Cooley v. Western Michigan University Cooley Law School et al

Filing 39

ORDER Adopting 35 Report and Recommendation, GRANTING 15 , 19 , 20 , DENYING 23 Motion to for Leave to Amend, and DISMISSING Case with Prejudice. Signed by District Judge Terrence G. Berg. (AChu)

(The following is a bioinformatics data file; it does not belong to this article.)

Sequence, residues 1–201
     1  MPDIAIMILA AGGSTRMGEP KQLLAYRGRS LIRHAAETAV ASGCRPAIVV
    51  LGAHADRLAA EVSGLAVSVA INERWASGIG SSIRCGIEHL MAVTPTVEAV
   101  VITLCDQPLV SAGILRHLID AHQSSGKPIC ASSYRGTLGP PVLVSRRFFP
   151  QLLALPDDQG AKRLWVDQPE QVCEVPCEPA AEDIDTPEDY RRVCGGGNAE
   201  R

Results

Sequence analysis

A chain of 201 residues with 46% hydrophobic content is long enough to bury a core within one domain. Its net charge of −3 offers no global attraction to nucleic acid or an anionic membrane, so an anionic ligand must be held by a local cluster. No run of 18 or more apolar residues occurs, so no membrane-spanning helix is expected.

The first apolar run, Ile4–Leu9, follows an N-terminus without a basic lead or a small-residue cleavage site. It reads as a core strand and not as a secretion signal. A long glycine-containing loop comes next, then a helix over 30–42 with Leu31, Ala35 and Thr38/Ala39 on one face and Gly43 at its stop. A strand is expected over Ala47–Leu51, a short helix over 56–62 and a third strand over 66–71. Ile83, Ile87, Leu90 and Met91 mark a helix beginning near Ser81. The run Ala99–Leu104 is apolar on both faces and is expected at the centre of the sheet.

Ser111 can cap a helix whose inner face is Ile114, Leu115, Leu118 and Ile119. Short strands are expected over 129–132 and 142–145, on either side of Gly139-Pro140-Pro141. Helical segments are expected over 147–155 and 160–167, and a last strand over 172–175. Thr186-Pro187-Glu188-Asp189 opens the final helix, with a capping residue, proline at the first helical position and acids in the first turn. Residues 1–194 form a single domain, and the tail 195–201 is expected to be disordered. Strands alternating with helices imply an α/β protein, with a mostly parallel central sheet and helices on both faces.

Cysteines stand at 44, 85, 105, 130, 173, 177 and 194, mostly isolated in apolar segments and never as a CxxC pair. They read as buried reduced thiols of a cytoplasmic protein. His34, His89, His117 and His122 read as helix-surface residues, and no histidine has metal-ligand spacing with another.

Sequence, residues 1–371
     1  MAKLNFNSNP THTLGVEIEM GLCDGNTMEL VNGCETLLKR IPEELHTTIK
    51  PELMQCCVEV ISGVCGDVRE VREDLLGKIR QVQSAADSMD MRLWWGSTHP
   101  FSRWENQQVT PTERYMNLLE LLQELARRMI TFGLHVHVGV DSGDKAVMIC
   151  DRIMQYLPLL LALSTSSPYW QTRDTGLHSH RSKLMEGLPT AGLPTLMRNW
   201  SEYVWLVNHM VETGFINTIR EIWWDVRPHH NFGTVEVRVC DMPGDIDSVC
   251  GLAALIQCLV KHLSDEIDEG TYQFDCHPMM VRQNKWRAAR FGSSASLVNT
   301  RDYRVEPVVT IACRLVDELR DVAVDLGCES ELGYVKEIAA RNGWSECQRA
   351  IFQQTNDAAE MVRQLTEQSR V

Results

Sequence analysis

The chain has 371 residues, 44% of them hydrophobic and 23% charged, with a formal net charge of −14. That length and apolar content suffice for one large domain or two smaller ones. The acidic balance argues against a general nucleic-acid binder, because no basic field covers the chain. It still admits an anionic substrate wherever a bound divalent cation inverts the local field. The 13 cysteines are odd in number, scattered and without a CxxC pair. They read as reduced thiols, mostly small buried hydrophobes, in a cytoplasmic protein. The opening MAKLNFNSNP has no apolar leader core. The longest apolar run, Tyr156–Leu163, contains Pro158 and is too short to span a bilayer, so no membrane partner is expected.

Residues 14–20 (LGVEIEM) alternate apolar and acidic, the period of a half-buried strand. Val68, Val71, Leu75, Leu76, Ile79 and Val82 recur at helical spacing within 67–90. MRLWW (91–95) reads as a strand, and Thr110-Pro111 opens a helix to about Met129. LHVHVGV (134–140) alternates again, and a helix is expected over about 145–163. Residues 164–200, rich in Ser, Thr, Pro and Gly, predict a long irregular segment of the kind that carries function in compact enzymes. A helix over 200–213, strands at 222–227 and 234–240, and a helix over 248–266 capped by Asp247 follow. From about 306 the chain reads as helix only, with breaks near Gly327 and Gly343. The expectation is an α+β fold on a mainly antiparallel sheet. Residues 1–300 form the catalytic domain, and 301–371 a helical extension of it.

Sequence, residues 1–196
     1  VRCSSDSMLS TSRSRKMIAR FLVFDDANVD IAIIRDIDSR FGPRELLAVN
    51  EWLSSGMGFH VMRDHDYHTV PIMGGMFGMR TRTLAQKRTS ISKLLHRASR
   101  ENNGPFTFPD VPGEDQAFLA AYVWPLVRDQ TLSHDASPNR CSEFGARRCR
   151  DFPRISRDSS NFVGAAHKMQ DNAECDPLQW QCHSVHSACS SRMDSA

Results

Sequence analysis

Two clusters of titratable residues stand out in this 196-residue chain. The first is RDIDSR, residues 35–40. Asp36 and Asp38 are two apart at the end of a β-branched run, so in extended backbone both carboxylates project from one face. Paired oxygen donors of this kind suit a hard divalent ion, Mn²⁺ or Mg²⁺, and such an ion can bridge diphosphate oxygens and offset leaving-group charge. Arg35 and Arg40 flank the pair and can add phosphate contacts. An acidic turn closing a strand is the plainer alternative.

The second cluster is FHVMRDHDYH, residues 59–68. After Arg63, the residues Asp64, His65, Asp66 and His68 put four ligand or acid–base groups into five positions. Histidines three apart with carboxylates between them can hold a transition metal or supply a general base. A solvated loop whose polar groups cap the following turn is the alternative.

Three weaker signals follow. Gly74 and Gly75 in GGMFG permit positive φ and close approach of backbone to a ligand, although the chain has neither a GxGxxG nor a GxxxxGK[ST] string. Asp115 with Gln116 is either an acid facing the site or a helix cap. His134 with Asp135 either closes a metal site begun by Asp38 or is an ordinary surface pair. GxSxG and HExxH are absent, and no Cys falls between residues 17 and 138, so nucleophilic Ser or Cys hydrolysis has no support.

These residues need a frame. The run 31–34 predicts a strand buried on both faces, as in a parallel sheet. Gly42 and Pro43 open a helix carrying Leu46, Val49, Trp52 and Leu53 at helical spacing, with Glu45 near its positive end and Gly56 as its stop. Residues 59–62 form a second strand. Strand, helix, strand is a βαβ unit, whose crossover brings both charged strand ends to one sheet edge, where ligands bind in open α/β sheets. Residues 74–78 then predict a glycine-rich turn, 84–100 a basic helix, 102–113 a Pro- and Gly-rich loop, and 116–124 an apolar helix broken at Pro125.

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UNITED STATES DISTRICT COURT EASTERN DISTRICT OF MICHIGAN SOUTHERN DIVISION ANDRÉ DESHAWN COOLEY, Plaintiff, v. Case No. 16-13727 WESTERN MICHIGAN UNIVERSITY COOLEY LAW SCHOOL, et al., Hon. Terrence G. Berg Hon. Elizabeth A. Stafford Defendants. / ORDER ADOPTING REPORT AND RECOMMENDATION (DKT. 35) GRANTING DEFENDANTS’ MOTIONS TO DISMISS (DKTS. 15, 19, 20), DENYING PLAINTIFF’S MOTION FOR LEAVE TO AMEND (DKT. 23) AND DISMISSING CASE WITH PREJUEDICE Plaintiff André Deshawn Cooley is currently enrolled as a law student at Western Michigan University (WMU) Cooley Law School. Unhappy with the grade he received in Contracts II in 2015, he met with his Professor and surreptitiously recorded their conference concerning his performance on the exam. When the Professor did not agree to alter his grade, Plaintiff appealed his grade to school officials, filed a complaint with the Michigan Department of Civil Rights, and filed a lawsuit in the Kent County Circuit Court. None of these processes gained Plaintiff the relief that he sought. Plaintiff now brings this pro se lawsuit against all of the entities that denied him relief: WMU-Cooley and its employees1, the State of Michigan and its employees2, and Kent County and its employees3 (Dkt. 4; Amend. Compl.). Plaintiff’s Amended Complaint, over 50 pages long, states that he suffers from attention deficit hyperactivity disorder (ADHD), and is thus a protected person under the Americans with Disability Act (ADA) and Michigan’s Persons with Disability Civil Rights Act (PWDCRA) (Id. Pg ID 72, 95). Plaintiff alleges that Defendants discriminated against him due to his disability. Plaintiff’s Amended Complaint also references 42 U.S.C. § 1983, but only in a perfunctory manner. The majority of Plaintiff’s Amended Complaint consists of a recitation of background facts, specifically a discussion of portions of his Contracts II exam for which he believes deserved more points (Dkt. 4, Pg                                                              The Law School Defendants include WMU-Cooley, Don LeDuc (President and Dean), Nelson Miller (Associate Dean of Grand Rapids campus), Christopher Hastings (Contracts II Professor), and Paul Zelenski (Associate Dean of Enrollment and Student Services) (collectively, the “Law School Defendants”). 1 The State of Michigan Defendants include, “Ricky” Snyder (presumably Governor Rick Snyder), and Agustin Arbulu (Executive Director of the Michigan Department of Civil Rights) (collectively, the “State Defendants”). 2 The Kent County Defendants include the County Board of Commissioners, Daryl Delabbio (former Kent County Administrator), and the Honorable Donald Johnston, Chief Judge, Kent County Circuit Court. (collectively, the “Kent County Defendants”). 3 2   IDs 7-28). Also included in the Amended Complaint is a section that appears to be a transcript of Plaintiff’s conversation with his Contracts Professor (Dkt. 4, Pg IDs 28-41). The portion of the Amended Complaint containing Plaintiff’s legal “claims” spans the remaining seven pages (Dkt. 4, Pg IDs 42-49). Plaintiff’s proposed Second Amended Complaint (Dkt. 24) mentions “due process” and “equal protection” more explicitly, but again, these purported constitutional claims each circle back to a discussion of various disability statutes. Each group of Defendants has moved to dismiss the Amended Complaint (Dkts. 15, 19, 20). Defendants’ grounds for dismissal can be summarized as follows:  The Law School Defendants – (1) since WMU-Cooley is not a public entity (and remains a private institution) Title II of the ADA and § 1983 are inapplicable; (2) Plaintiff has not sufficiently alleged a failure to accommodate claim, rather, Plaintiff’s Complaint acknowledges that he received accommodations for his disability; (3) Plaintiff failed to allege any disparate impact; (4) the ADA does not provide for liability against any of the individual Law School Defendants; (5) that evaluation of a student’s performance on a law school examination is not within the province of the Court; and (6) that Plaintiff failed to properly serve Defendants LeDuc and Zelenski with the summons and complaint (Dkt. 19).  The State Defendants – Plaintiff’s claims against the State of Michigan, and any of its departments, are barred by Eleventh Amendment Immunity (Dkt. 15). 3    The Kent County Defendants – (1) Plaintiff’s claims against Chief Judge Johnston are barred by judicial immunity; and (2) Plaintiff’s Complaint fails to allege any wrongdoing, or personal involvement, on behalf of the remaining Kent County Defendants (Dkt. 20). Plaintiff filed responses to each of Defendants’ motions (Dkts. 22, 28, 29). Plaintiff also filed a motion for leave to amend (Dkt. 23), and a proposed second amended complaint (Dkt. 24), in response to Defendants’ motions to dismiss. The motions were referred to Magistrate Judge Elizabeth A. Stafford, who on August 2, 2017 issued a report and recommendation (Dkt. 35) recommending that all three of Defendants’ motions be granted, and that Plaintiff’s motion for leave to amend be denied. In summary, the report and recommendation urges: (1) that the Court to dismiss Plaintiff’s case against the Law School Defendants, because exam-grading falls within the discretion of academic professionals and is not properly the subject of an ADA or § 1983 claim; (2) that the State Defendants are entitled to Eleventh Amendment immunity; (3) that Judge Johnston is entitled to judicial immunity; and (4) that Plaintiff has not stated a valid claim against the remaining Kent County Defendants, as he fails to allege sufficient involvement of these officials. 4   The Court has reviewed Magistrate Judge Stafford’s report and recommendation. The law provides that either party may serve and file written objections “[w]ithin fourteen days after being served with a copy” of the report and recommendations. 28 U.S.C. § 636(b)(1). Plaintiff filed timely objections (Dkt. 35); the Law School Defendants filed a timely response (Dkt. 37) to Plaintiff’s objections. The State and Kent County Defendants did not file responses to Plaintiff’s objections. The district court will make a “de novo determination of those portions of the report . . . to which objection is made.” 28 U.S.C. § 636(b)(1) Plaintiff’s objections are a 45-page amalgamation of legal citations that generally rehash the claims in the Amended Complaint and reassert the arguments in his responses to the motions to dismiss, without focusing specifically on any defects in the reasoning or the authorities relied on by the Magistrate Judge. “The filing of vague, general, or conclusory objections does not meet the requirement of specific objections and is tantamount to a complete failure to object.” Cole v. Yukins, Fed. App’x. 354, 356 (6th Cir. 2001) (citing Miller v. Currie, 50 F.3d 373, 380 (6th Cir. 1995)). Although Plaintiff fails to articulate any coherent basis for this Court to reject the report and recommendation, the Court has endeavored 5   to liberally construe and try to understand Plaintiff’s objections. Plaintiff’s first objection is to: [T]he Court’s assertion and fact-to law application that “to state a claim for equal protection a plaintiff must adequately plead that the government treated the plaintiff desperately [sic] as compared to similarly situated persons and that such disparate treatment either burdens a fundamental right, targets a suspected class, or has no rational basis.” Plaintiff’s second objection is to: [T]he Court’s assertion and fact-to law application where this Court has noted that courts are not in the business of second-guessing a professors [sic] professional judgment; however, the professor even second guesses his own professional judgment, because during the conversation that was recorded by the Plaintiff unbeknownst to the professor, the professor even acknowledges himself that the Plaintiff did make the necessary points of law to be awarded points, but was not. Plaintiff’s third objection is to: [T]he Court’s assertion and fact-to law application where this court further asserts that the Supreme Court’s ruling that the courts may not override an academic decision absent a showing that those responsible did not actually exercise professional judgment is significant because this professor made a different judgment when he was in the meeting with this plaintiff and was unaware he was being recorded. This defendant acknowledged errors in the examination and dismissing this plaintiffs [sic] lawsuit not only invades the province of the jury but I second guesses the professors secondguess. The facts and issues are something that should be decided by the jury. This professor provided several false statements two [sic] investigators, but why would the professor have a need to lie when the truth would have sufficed. 6   The Amended Complaint raises claims under 42 U.S.C. § 1983, Title II of the Americans with Disabilities Act (ADA), and Michigan’s Persons with Disabilities Civil Rights Act. “[T]he ADA is designed ‘to provide a clear and comprehensive national mandate for the elimination of discrimination against individuals with disabilities.’” Tennessee v. Lane, 541 U.S. 509, 516, 124 S.Ct. 1978, 158 L.Ed.2d 820 (2004) (quoting 42 U.S.C. §§ 12101(b)(1), (b)(4)). “It forbids discrimination against persons with disabilities in three major areas of public life: employment, which is covered by Title I of the statute; public services, programs, and activities, which are the subject of Title II; and public accommodations, which are covered by Title III.” Id. at 516–17, 124 S.Ct. 1978. Title V, in turn, prohibits retaliation, interference, coercion, or intimidation with respect to individuals invoking the protection of Titles I through III. See 42 U.S.C. § 12203. Plaintiff’s claims in this case are brought under Title II of the ADA. Plaintiff’s Complaint also relies upon Michigan’s Persons with Disabilities Civil Rights Act, but that act essentially tracks the ADA, so the analysis merges, at least under the circumstances of this case. See Curry v. Cyprian Ctr., 17 Fed. App’x 339, 341 (6th Cir. 2001). 7   The Court will consider Plaintiff’s claims as they relate to each of the three groups of Defendants. A. The State Defendants As noted, the report and recommendation urges dismissal of Plaintiff’s claims against the State Defendants, based on Eleventh Amendment immunity. The Eleventh Amendment guarantees that nonconsenting States may not be sued by private individuals in federal court. See Bd. of Trustees of Univ. of Alabama v. Garrett, 531 U.S. 356, 363 (2001) (citing Kimel v. Florida Bd. of Regents, 528 U.S. 62, 72–73 (2000)). Congress, however, “may abrogate the States’ Eleventh Amendment immunity when it both unequivocally intends to do so and ‘act[s] pursuant to a valid grant of constitutional authority.’” Id. (quoting Kimel, 528 U.S., at 73). Congress has unequivocally expressed its intent to abrogate state sovereign immunity for violations of the ADA. See United States v. Georgia, 546 U.S. 151, 154 (2006) (citing 42 U.S.C. § 12202 (“A State shall not be immune under the Eleventh Amendment to the Constitution of the United States from an action in [a] Federal or State court of competent jurisdiction for a violation of this chapter”)). “But the Supreme Court has 8   held that Congress’s attempted abrogation is only valid in limited circumstances, depending upon the nature of the ADA claim.” Babcock v. Michigan, 812 F.3d 531, 534 (6th Cir. 2016) (citing cases). “To guide the lower courts in assessing whether the Eleventh Amendment proscribes an ADA Title II claim, the Supreme Court has set forth a three-part test: [D]etermine ... on a claim-by-claim basis, (1) which aspects of the State’s alleged conduct violated Title II; (2) to what extent such misconduct also violated the Fourteenth Amendment; and (3) insofar as such misconduct violated Title II but did not violate the Fourteenth Amendment, whether Congress’s purported abrogation of sovereign immunity as to that class of conduct is nevertheless valid. Id. at 534-35 (quoting Georgia, 546 U.S. at 159; citing Mingus v. Butler, 591 F.3d 474, 482 (6th Cir. 2010)). In this case, the bulk of Plaintiff’s allegations in his Amended Complaint (Dkt. 4) and in his proposed Second Amended Complaint (Dkt. 24) focuses on the actions of the Law School Defendants. Under the Supreme Court’s test, the Court must first identify how the Complaint alleges that the State’s conduct violated Title II of the ADA. Plaintiff’s claims against the State Defendants appear limited to the State’s adjudication – and ultimate dismissal – of a complaint that he filed with the Michigan Department of Civil Rights (MDCR), concerning the same alleged underlying discrimination by the Law School Defendants. Specifically, Plaintiff 9   alleges that the MDCR failed to conduct an impartial investigation, dismissed his complaint, and denied his request for reconsideration (Dkt. 4, Pg ID 109). These allegations do not allege that Plaintiff was excluded or denied benefits by any public service, program, or activity on the basis of a disability. Nor do these allegations specify any disparate treatment or discrimination against Plaintiff based on his disability. Plaintiff’s allegations are thus insufficient to state either a valid ADA claim sufficient to overcome Eleventh Amendment immunity or any colorable claim of a violation of Due Process and Equal Protection rights under the 14th Amendment against the State Defendants. Thus, the Court will accept the Magistrate Judge’s recommendation that the State Defendants’ motion to dismiss (Dkt. 15) should be granted. B. The Law School Defendants As to the Law School Defendants, the report and recommendation concludes that the Court should grant their motion to dismiss, as Plaintiff fails to allege a plausible discrimination claim against them. This recommendation is sound, and Plaintiff’s objections thereto are unavailing. 10   As noted by the Magistrate Judge, discrimination laws do not require “an educational institution to lower or to effect substantial modifications of standards to accommodate a handicapped person.” Southeastern Community College v. Davis, 442 U.S. 397, 413, 99 S.Ct. 2361, 60 L.Ed.2d 980 (1979). Further, when reviewing the substance of academic decisions, courts “should show great respect for the faculty’s professional judgment.” Regents of Univ. of Michigan v. Ewing, 474 U.S. 214, 225, 106 S.Ct. 507, 88 L.Ed.2d 523 (1985). “‘University faculties must have the widest range of discretion in making judgments as to the academic performance of students and their entitlement to promotion or graduation.’” Id. at 225 n. 11, 106 S.Ct. 507 (quoting Board of Curators, Univ. of Mo. v. Horowitz, 435 U.S. 78, 96 n. 6, 98 S.Ct. 948, 55 L.Ed.2d 124 (1978) (Powell, J., concurring)). Courts must also give deference to professional academic judgments when evaluating the reasonable accommodation requirement. See McGregor v. Louisiana State Univ. Bd. of Supervisors, 3 F.3d 850, 859 (5th Cir. 1993); Wynne v. Tufts Univ. Sch. of Med., 976 F.2d 791, 795 (1st Cir. 1992); Kaltenberger v. Ohio Coll. of Podiatric Med., 162 F.3d 432, 436 (6th Cir. 1998). 11   In this case, Plaintiff does not allege that he was dismissed from WMU-Cooley or that he was not provided reasonable accommodations in taking his Contracts II examination. Indeed, Plaintiff alleges that he remained enrolled as a student at WMU-Cooley, that he received testing accommodations for his ADHD, and that he submitted his Contracts II exam in the manner allowed for accommodated students (Dkt. 4, Pg IDs 72-73). Nowhere does Plaintiff allege that he requested or needed any other accommodation from the Law School. The core of Plaintiff’s case is that, in his judgment, his Contracts Professor gave him a grade that was lower than what he believed he deserved. The Amended Complaint includes what purports to be a transcript of the surreptitiously-recorded conference between Plaintiff and Professor Hastings. Nothing in that transcript supports a conclusion that the grading process was discriminatory or failed to accommodate Plaintiff’s disability. While Plaintiff claims that Professor Hastings failed to apply the “holistic grading approach” that he said he used, in the quoted dialogue between Plaintiff and the Professor he appeared to apply just such an approach, awarding Plaintiff points where he discussed relevant law and facts, but denying 12   them where his organization, argument, or legal vocabulary was inadequate (Dkt. 4, Pg ID 42-54). The Amended Complaint draws no connection between Plaintiff’s disability, any alleged failure to accommodate, and the awarding of Plaintiff’s grade. This does not state a valid ADA claim, and also does not allege any kind of discrimination or denial of due process that could make out a 14th Amendment violation. The Court therefore accepts the Magistrate Judge’s recommendation that the Law School Defendants’ motion to dismiss (Dkt. 15) should be granted. C. The Kent County Defendants Finally, as to the Kent County Defendants, the report and recommendation correctly recognized that Chief Judge Johnston is entitled to judicial immunity. It further recognized that Plaintiff failed to allege sufficient facts to state a valid discrimination claim against the remaining Kent County Defendants. Plaintiff’s objections do not persuade the Court to alter these recommendations. The Court therefore accepts the Magistrate Judge’s recommendation that the Kent County Defendants’ motion to dismiss (Dkt. 20) should be granted. 13   CONCLUSION For the reasons set forth above, the report and recommendation (Dkt. 35) is hereby ACCEPTED and ADOPTED, and Plaintiff’s objections (Dkt. 36) thereto are OVERRULED. Defendants’ motions to dismiss (Dkts. 15, 19, 20) are GRANTED and this case is hereby DISMISSED WITH PREJUDICE. SO ORDERED. s/Terrence G. Berg TERRENCE G. BERG UNITED STATES DISTRICT JUDGE Dated: September 29, 2017 Certificate of Service I hereby certify that this Order was electronically submitted on September 29, 2017, using the CM/ECF system, which will send notification to each party. s/A. Chubb Case Manager 14